Death penalty repeal is not just for Democrats

By Paul O’Shea:

Abolishing the death penalty is usually thought of as a Democratic and liberal policy, but a Republican and a libertarian serve proudly alongside their progressive colleagues on the board of Virginians for Alternatives to the Death Penalty.

The death penalty is nonpartisan.  It distributes its malevolent effects—racism, random selection, executing the innocent or the severe mentally ill–across party lines.  Those of us on the march toward abolition welcome advocates from all sides of the political spectrum–Democrats, Republicans and independents, with important contributions from conservatives and libertarians.

The board of Virginians for Alternatives to the Death Penalty consists of just such a political cross section.  Two directors– Chris Braunlich and Nick Cote–are particularly effective with statewide reputations in conservative and libertarian precincts.

Chris Braunlich, an Alexandria resident, is president of the Thomas Jefferson Institute for Public Policy.  Formerly, he was president of the Virginia State Board of Education and chief of staff to a Republican Congressman.

Braunlich’s opposition to capital punishment began as a youngster reading columns by conservative icon William F. Buckley, Jr.  “Buckley refreshingly thought issues through, and I think that by both his faith and logic, had incredibly strong arguments for repeal,” he says.

It wasn’t so long ago that it was unique to find an abolitionist among conservatives and libertarians.  “Buckley’s columns were written in the 1970s, so while death penalty opponents might have been rare, they did exist.  I think there were a significant number of faith-based folks, particularly in the Catholic Church, who shared his views,” said Braunlich.

Today, many endorse policies which align with capital punishment abolitionists.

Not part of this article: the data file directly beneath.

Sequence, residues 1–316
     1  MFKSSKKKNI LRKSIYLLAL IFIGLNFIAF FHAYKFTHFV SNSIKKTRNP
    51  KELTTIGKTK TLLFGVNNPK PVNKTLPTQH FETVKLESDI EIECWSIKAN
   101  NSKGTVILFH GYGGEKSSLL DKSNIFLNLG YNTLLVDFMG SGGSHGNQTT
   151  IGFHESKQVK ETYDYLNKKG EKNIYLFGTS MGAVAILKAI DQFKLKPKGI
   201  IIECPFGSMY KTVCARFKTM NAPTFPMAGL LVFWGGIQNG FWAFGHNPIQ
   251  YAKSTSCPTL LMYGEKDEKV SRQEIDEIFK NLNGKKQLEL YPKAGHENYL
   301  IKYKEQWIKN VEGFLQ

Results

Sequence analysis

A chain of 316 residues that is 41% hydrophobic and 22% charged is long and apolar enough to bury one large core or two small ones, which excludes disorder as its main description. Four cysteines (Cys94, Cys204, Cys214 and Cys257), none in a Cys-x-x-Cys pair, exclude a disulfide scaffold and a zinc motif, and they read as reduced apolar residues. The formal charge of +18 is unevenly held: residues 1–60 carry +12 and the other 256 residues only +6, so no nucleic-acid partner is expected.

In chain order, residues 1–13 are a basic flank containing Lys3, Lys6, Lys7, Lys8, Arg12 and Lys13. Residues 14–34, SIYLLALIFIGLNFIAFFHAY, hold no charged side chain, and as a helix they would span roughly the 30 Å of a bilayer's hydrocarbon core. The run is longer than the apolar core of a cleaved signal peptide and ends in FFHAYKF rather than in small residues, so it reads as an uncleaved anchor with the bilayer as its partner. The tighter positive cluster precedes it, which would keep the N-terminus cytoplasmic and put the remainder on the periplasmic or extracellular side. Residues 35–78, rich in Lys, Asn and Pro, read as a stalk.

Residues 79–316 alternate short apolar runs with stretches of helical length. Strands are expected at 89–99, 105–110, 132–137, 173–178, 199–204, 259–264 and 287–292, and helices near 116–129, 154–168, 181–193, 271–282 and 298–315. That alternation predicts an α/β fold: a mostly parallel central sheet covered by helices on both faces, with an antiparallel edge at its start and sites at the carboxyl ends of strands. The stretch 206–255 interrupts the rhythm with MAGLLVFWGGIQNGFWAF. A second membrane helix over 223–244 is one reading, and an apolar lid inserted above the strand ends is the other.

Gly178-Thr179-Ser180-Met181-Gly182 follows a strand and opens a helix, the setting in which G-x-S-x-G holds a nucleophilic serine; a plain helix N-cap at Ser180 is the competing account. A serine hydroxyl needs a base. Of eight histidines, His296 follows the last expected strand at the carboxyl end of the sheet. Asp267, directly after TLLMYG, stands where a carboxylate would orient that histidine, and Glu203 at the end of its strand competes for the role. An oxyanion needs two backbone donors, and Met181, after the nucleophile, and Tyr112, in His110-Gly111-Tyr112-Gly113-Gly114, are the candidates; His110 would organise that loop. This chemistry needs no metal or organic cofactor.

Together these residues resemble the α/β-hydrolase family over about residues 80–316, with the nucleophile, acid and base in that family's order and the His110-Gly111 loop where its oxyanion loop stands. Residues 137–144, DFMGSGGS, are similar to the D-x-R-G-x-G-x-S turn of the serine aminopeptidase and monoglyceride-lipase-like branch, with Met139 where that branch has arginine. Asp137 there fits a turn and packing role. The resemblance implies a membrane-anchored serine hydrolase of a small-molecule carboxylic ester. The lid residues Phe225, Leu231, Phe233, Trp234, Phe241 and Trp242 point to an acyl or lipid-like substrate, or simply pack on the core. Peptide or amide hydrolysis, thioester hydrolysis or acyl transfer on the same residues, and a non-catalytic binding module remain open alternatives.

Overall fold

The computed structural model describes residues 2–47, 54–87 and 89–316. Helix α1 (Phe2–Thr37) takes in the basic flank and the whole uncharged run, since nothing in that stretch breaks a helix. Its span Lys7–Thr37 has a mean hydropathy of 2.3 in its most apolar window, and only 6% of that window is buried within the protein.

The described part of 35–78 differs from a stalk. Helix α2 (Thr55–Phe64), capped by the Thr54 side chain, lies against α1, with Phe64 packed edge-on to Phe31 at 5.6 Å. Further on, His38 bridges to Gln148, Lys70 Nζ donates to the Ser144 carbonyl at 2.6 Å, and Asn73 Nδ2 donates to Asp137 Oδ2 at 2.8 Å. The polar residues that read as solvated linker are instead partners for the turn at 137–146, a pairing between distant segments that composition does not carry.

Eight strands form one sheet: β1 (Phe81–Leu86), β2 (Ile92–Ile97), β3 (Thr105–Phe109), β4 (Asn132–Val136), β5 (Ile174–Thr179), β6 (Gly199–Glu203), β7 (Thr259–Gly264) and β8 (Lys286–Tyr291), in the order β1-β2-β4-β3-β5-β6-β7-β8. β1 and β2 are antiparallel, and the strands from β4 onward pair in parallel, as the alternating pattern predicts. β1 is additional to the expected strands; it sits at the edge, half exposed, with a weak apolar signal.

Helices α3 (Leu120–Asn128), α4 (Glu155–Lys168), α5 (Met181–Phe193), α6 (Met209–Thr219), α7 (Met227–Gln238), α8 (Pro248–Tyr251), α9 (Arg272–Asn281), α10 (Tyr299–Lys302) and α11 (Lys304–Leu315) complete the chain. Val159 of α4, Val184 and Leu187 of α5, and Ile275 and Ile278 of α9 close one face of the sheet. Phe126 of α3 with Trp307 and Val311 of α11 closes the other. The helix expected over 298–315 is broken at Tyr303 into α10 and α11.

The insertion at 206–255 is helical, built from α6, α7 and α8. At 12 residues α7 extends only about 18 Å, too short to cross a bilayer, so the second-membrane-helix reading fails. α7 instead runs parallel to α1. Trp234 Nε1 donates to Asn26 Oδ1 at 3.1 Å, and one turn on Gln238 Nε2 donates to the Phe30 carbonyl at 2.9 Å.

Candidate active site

“As a conservative,” Braunlich believes, “you are rightly skeptical of government and its ability to execute actions wisely or efficiently.  You know government often makes mistakes and acts in the best interests of itself rather than the people it is designed to serve.  If you are skeptical about the ability of a large welfare system to ‘get it right,’ shouldn’t you be equally skeptical of a large criminal justice system to ‘get it right’?  Why drop that skepticism if you know mistakes can be made, because when it comes to the death penalty, a mistake is permanent and irreversible.”

Addressing the progress that death penalty legislation made in the recent Virginia General Assembly, Braunlich said: “My hope is that Republican State Senator Bill Stanley’s strong argument against the death penalty on the floor of the State Senate will attract other colleagues because we need to make it bipartisan.  If we fail to do that it will be a divide we will never bridge, and the issue itself will suffer.”

Braunlich was referring to a powerful speech by Sen. Stanley (R-20) that helped to convince five Republican state senators who opposed a ban on executing severely mentally ill prisoners in 2019 to change their vote in 2020, although the bill failed to go forward.

Chris Braunlich joined VADP in 2018 because he was persuaded that he could help in the drive to assist Virginia in becoming the first southern state to achieve this historic milestone.  “We’re on the cusp of victory here, and if there’s a chance I can help make a difference, I was ready to help.”

Nick Cote, a Huntington resident, is director of donor communications for the National Right to Work Legal Defense Foundation.  He is on the board of FairVote Virginia and is a former board member of the Republican Liberty Caucus of Virginia.  He has been a VADP director since 2015.

“When I was in college, I followed the case of Cory Maye, a Mississippi man convicted of murdering a police officer.  It was clear that he acted in self-defense during a botched drug raid by police. The case also featured issues such as ineffective assistance of counsel, racial inequities, and junk science peddled by supposed forensic experts.  Although I theoretically supported capital punishment, at least in certain cases, I began to question how it was applied and carried out.

“I think most libertarians have tended to be either against or at least skeptical of capital punishment for a long time, but increased public attention on wrongful convictions and inequities in the criminal justice system have made the issue a higher priority for them,” Cote said.  “Conservatives similarly have been increasingly convinced that the system is flawed and even conflicts with their stated ‘pro life’ philosophy.

“I became involved with VADP through my advocacy for criminal justice reform in general.  Virginia has been woefully behind other states.”

Photo: Nick Cote (L) and Chris Braunlich are, respectively, a libertarian and a Republican on the board of Virginians for Alternatives to the Death Penalty


Paul O’Shea is vice president of Virginians for Alternatives to the Death Penalty. He lives in Fairfax.



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